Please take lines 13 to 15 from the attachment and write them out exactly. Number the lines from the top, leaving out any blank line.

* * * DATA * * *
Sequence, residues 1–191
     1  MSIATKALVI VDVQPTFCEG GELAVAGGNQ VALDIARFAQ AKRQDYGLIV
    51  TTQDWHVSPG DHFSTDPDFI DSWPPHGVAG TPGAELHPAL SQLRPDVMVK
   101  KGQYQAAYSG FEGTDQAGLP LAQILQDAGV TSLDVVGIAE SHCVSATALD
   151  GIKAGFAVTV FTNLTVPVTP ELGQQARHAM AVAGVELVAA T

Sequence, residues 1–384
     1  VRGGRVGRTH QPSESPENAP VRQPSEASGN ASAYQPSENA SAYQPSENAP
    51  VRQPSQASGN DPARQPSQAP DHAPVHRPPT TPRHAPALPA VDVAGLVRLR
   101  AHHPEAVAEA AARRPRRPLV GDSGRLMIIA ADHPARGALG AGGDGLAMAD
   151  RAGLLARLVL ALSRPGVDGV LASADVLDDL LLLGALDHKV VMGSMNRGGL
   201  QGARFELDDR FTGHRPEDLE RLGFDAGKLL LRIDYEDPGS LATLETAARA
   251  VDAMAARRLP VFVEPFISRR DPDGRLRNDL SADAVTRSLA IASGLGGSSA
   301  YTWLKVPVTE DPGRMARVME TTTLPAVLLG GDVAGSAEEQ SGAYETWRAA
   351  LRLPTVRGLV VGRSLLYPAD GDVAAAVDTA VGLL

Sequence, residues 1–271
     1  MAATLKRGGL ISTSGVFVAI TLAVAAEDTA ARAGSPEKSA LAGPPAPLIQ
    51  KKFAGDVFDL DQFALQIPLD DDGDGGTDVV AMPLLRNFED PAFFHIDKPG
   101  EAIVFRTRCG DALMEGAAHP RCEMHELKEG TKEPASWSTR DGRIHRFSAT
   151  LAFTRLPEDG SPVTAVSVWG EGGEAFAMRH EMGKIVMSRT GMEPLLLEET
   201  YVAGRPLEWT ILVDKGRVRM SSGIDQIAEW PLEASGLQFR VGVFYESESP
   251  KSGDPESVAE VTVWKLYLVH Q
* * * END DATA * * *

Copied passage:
   301  YTWLKVPVTE DPGRMARVME TTTLPAVLLG GDVAGSAEEQ SGAYETWRAA
   351  LRLPTVRGLV VGRSLLYPAD GDVAAAVDTA VGLL

Sequence, residues 1–271